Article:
“Candy” and “starch” might not sound like they have anything to do with each other.
Starch sounds like what you do to dress shirts to make them fresher and crisper, or the stuff found in carb-heavy foods.
But really, starch deserves much more attention than that — after all, it’s the gel that holds together all kinds of foods — both naturally occurring and processed. And that includes candy.
Starches exist naturally in plant-based sources such as corn, tapioca, potato, wheat, sago, and rice. Some starches work better than others to accomplish certain tasks.
Here’s a look at four starches commonly used in a variety of products, particularly in confectionery:
Speciality high amylose corn starch can reduce stoving times from 38-48 hours to 24 hours. Candies will become firmer faster. Used for jelly beans, fruit slices, and gum drops.
Modified thin boiling potato starches are increasingly gaining attention, as they provide a higher clarity and elasticity compared to others. These are especially good for dietary restrictions such as kosher, halal, and vegan/vegetarian.
Can be used as a replacement for gum Arabic when making chocolate, fruit, and nut-based centers.
Native corn starch
Used as a moulding starch. Shapes can be stamped and candies can be set/dried. Also used as a dusting agent for marshmallows and other candies to prevent pieces sticking to each other.
These starches all serve a variety of purposes and can significantly change the structure of the product.
“Based on starch source and the chemical and/or physical modification used, starches can be used to build desired stable viscosity, mouthfeel, and texture in both hot-processed and cold-processed high moisture foods like soups, sauces, gravies, salad dressings, fruit fillings, yogurts, puddings, etc.,” says Joe Eisley, project leader, technical service, Ingredion Inc.
Starch plays the vital role of a gelling agent in products such as jelly candies (fruit slices, gum drops), fruit snacks, and gummy candy such as gummi bears. Without it, the gummy texture of such popular candies wouldn’t be achievable — and though there are other ways to get this effect, starch is an easily sourced and very versatile option, says Eisley.
Starch gets its ability to form strong gels from the polymer itself — starch granules come in two forms, either highly branched and molecular “amylopectin”, and linear, lower molecular “amylose”.
“Each plant source has a certain distinct amylopectin — amylose ratio, ranging from all amylopectin (the so-called “waxy” starches, such as waxy corn and waxy rice) to the 55-70 percent amylose content of high amylose corn starches,” explains Eisley. “All other starches are somewhere in the middle of this range — for examples, tapioca and rice with 17-19 percent amylose; potato with 20-22 percent amylose; and corn, wheat, and sago with 25-28 percent amylose.”
The higher the amylose content, the better the ability “to form strong gels and films after being cooked to the appropriate temperature and then cooled,” Ingredion’s technical expert explains. Different starch types can be modified to enhance traits such as viscosity under heat or to have a lower pH.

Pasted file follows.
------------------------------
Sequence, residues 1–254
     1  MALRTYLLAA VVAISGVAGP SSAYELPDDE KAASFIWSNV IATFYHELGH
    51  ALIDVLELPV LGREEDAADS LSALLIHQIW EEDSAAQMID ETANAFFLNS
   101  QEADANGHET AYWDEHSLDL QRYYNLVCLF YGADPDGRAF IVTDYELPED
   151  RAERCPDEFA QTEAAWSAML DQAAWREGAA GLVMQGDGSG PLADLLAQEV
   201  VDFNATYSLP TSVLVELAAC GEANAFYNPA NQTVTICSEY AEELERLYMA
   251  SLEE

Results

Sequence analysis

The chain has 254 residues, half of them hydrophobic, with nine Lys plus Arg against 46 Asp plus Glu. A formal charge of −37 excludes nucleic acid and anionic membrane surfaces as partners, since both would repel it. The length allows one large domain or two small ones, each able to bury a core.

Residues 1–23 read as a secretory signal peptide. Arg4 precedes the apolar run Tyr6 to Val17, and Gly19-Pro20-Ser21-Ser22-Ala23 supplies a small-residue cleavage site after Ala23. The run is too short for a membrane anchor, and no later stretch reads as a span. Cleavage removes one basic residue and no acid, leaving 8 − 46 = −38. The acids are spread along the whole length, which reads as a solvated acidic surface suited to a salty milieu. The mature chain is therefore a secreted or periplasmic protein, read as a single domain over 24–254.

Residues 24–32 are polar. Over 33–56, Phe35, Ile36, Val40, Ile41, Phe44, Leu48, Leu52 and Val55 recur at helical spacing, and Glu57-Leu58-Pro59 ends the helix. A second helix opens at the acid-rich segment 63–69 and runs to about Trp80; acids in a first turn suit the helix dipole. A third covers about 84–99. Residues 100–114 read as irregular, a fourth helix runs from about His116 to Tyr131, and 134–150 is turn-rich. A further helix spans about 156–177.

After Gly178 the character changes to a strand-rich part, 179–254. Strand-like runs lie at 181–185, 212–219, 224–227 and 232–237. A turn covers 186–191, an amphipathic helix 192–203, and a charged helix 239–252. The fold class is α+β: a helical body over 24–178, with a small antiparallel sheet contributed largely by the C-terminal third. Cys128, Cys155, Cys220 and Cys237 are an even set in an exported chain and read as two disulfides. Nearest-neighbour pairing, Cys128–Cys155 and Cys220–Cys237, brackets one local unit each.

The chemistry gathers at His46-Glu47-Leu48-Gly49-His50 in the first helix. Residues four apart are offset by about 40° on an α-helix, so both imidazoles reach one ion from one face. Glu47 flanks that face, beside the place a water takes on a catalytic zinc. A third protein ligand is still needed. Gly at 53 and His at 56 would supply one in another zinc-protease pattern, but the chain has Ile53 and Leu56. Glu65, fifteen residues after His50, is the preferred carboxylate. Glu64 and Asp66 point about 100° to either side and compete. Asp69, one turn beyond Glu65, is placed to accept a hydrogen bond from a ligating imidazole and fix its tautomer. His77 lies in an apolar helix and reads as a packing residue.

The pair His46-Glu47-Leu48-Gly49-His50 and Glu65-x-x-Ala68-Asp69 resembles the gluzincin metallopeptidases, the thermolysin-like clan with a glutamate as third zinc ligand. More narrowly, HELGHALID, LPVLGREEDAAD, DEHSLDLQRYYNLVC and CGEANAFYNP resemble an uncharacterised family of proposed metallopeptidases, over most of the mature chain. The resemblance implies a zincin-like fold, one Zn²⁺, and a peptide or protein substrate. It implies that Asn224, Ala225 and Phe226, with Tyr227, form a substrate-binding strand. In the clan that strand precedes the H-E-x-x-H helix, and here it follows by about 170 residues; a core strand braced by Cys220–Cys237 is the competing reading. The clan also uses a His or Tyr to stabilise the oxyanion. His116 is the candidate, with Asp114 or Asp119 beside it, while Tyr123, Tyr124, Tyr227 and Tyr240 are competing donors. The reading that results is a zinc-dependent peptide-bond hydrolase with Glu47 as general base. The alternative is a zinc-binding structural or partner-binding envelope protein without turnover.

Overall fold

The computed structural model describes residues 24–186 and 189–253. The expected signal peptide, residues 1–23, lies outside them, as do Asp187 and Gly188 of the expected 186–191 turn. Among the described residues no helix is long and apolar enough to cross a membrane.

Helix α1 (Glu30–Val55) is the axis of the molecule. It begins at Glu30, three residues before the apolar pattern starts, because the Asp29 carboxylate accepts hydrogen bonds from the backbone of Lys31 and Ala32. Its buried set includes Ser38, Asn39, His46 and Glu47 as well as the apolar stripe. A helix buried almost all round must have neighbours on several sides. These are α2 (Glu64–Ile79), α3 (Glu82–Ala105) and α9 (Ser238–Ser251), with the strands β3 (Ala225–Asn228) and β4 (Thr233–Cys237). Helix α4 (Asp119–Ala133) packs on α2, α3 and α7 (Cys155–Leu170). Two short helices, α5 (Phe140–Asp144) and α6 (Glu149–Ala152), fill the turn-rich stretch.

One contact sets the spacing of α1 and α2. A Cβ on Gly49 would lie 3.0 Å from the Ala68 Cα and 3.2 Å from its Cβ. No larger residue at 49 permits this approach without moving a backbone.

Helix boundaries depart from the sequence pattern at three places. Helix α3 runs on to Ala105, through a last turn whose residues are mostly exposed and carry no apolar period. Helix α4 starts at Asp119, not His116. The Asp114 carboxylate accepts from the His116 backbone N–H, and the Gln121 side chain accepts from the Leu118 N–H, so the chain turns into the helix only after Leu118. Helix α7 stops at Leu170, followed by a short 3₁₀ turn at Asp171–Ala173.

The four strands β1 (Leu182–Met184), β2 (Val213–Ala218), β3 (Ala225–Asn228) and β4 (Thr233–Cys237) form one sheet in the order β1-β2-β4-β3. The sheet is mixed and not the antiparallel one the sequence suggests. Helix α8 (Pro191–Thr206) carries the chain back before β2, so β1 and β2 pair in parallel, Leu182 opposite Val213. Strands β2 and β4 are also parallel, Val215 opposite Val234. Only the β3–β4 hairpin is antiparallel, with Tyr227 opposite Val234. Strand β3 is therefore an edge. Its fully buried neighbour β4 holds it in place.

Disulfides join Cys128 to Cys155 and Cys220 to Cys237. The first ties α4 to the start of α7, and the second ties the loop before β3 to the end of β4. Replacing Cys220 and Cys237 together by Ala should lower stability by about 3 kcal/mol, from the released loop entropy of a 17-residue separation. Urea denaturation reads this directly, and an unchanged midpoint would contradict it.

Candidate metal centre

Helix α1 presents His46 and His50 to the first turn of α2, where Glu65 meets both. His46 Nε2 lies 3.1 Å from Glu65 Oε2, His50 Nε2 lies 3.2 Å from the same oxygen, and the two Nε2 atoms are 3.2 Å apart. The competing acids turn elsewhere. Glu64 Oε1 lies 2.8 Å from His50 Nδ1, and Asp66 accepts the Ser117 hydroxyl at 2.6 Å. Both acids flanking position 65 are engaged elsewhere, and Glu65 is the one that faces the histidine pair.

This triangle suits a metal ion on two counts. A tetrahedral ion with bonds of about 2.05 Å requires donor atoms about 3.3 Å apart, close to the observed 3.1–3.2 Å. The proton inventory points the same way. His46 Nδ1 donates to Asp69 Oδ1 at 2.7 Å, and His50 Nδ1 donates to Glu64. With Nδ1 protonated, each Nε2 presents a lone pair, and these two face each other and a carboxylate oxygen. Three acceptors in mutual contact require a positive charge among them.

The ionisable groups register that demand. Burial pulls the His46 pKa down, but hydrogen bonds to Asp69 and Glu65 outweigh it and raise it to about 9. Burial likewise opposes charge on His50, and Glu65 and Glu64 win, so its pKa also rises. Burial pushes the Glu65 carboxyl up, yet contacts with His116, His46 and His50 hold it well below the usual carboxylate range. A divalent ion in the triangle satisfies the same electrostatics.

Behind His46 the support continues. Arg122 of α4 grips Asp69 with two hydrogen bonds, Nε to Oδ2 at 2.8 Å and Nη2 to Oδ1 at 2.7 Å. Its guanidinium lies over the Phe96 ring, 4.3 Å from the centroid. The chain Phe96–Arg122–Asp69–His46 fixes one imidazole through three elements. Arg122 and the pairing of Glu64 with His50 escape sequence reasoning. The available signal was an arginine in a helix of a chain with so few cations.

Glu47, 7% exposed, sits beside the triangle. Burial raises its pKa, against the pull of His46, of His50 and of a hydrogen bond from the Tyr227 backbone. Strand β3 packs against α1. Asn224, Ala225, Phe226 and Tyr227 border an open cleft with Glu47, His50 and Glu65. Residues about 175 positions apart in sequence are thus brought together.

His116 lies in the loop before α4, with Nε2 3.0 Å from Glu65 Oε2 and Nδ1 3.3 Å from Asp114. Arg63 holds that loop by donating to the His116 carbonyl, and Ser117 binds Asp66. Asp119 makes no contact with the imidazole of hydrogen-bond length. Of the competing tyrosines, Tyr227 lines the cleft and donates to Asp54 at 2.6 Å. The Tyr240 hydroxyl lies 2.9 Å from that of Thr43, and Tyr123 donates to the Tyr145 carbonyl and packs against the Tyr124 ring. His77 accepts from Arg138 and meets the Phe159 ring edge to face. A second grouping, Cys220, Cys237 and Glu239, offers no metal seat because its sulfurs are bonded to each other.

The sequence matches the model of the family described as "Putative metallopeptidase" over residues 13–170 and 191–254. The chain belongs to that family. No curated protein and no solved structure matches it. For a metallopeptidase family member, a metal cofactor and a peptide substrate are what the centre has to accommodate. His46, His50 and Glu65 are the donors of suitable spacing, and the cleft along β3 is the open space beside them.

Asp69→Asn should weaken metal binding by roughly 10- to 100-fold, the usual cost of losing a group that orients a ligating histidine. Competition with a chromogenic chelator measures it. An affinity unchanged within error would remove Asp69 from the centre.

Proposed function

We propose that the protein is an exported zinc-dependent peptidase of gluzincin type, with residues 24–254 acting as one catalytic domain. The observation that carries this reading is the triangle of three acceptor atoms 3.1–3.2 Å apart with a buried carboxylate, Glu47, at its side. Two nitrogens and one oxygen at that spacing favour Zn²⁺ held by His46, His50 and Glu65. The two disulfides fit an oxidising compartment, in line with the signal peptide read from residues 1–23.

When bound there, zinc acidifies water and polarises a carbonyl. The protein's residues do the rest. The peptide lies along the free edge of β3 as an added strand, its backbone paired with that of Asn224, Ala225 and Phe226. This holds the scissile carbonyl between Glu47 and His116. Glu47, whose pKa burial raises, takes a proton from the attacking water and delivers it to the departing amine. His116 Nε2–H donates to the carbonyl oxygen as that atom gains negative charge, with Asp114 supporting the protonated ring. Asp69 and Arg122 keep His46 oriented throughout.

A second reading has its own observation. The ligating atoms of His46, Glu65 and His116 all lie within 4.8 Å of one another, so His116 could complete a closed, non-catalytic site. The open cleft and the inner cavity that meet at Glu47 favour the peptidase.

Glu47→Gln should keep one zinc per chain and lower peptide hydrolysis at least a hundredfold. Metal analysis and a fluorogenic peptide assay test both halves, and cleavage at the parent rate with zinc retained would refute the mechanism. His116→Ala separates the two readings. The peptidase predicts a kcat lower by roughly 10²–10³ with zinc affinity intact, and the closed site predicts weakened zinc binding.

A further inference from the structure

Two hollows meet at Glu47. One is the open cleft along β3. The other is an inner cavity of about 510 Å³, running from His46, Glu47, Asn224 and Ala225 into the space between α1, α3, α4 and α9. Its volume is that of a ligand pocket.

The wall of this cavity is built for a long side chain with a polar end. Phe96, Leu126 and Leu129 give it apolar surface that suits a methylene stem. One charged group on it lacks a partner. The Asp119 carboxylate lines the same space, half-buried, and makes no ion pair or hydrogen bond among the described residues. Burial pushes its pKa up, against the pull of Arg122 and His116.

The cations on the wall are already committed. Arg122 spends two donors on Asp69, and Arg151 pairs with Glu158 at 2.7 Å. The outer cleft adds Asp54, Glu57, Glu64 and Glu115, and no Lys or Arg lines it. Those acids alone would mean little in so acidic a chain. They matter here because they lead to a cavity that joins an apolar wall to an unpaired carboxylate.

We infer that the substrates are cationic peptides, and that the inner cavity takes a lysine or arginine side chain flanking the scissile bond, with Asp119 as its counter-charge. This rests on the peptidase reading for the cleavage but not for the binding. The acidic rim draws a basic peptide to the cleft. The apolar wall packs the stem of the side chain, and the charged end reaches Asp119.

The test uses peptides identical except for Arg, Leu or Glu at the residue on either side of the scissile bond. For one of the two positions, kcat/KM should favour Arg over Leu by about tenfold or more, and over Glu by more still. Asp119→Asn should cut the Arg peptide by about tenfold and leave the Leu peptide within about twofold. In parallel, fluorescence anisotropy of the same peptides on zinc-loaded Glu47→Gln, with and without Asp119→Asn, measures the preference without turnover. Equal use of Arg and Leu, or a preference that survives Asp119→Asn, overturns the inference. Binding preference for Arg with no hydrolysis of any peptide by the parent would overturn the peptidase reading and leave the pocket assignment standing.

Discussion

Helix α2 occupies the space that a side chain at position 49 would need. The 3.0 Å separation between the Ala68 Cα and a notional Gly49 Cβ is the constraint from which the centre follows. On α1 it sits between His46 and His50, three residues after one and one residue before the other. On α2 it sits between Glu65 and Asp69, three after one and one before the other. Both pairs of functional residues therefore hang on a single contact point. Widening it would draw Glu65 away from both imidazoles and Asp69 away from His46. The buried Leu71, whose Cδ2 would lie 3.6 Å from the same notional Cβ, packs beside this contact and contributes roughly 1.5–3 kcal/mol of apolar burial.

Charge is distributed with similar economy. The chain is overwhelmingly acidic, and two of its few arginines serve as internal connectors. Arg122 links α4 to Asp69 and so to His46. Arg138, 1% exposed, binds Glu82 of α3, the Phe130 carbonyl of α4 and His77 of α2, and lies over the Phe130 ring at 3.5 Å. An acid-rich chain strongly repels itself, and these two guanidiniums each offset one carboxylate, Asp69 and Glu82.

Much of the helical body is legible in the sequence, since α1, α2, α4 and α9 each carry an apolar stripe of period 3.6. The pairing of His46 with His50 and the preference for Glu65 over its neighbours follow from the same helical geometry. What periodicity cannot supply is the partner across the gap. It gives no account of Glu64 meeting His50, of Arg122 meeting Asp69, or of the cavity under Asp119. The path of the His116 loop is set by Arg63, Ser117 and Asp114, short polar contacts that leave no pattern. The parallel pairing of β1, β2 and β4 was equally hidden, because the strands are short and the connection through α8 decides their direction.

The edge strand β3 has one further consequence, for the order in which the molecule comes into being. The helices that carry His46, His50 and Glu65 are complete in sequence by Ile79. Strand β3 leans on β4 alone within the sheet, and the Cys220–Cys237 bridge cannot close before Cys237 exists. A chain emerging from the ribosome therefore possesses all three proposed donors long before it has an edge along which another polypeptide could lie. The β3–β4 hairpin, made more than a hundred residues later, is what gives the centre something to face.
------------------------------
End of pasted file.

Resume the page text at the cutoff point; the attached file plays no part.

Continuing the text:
“Ingredion offers a wide range of starches and starch-based products to fit almost any confectionery application need,” he adds.
These include Flojel, a series of thin-boiling modified corn starches, PenBind, a thin-boiling modified potato starch (from Ingredion’s recent acquisition of Penford), and Nu Mould OC, an organic moulding starch with added organic vegetable oil.
And as consumers are looking for more and more non-GMO options, non-GM (genetically modified) products are becoming more popular among starch customers.
“Nearly all of Ingredion’s starches are available as non-GM and non-GM/ Identity Preserved under our TrueTrace program. Products like tapioca, potato, and sago are inherently non-GM, but our customers can rest assured that they have 100-percent-traceable, non-GM/ IP [Identity Preserved] options based on corn, waxy maize, and high amylose corn,” says Eisley. “In fact, Ingredion’s Indianapolis plant is entirely dedicated to non-GM starch production and does not handle any GM material.”
In addition to non-GM, an increasingly popular and relevant trend is ensuring ingredients are sustainably sourced. Ingredion recognizes how critical that is to manufacturers today.
“We feel that our sustainability program is very important to our customers since a lot of them also have very robust sustainability programs and want to know that their suppliers are as engaged and like-minded about sustainability as they are,” comments Eisley. “Sustainable agriculture, sustainable sourcing, and growing raw material crops in a transparent, traceable, and responsible way is becoming more and more important to consumers... and therefore with our customers.”
Ethical sourcing is another key factor that consumers look for these days.
“In terms of social accountability, it is extremely important to our customers that we have responsible and sound, ethical business practices, that we treat our employees fairly, responsibly and ethically, and that we are stakeholders in and caretakers of the communities that we do business in,” says Eisley.
Fortunately, part of the nature of starches is that they can be locally grown and sourced, depending on the region. In the United States, corn starch is more available, in Europe it’s potato, and in the Asia Pacific it’s tapioca, rice, and sago. Also, in general, starches are more environmentally friendly than other options, such as gum Arabic and gelatin.
Clearly starch remains a faithful stand-by for many confectionery products. Add to that its capability of being a sustainably/ethically sourced ingredient, and it’s obvious the industry will continue to be sweet on starch.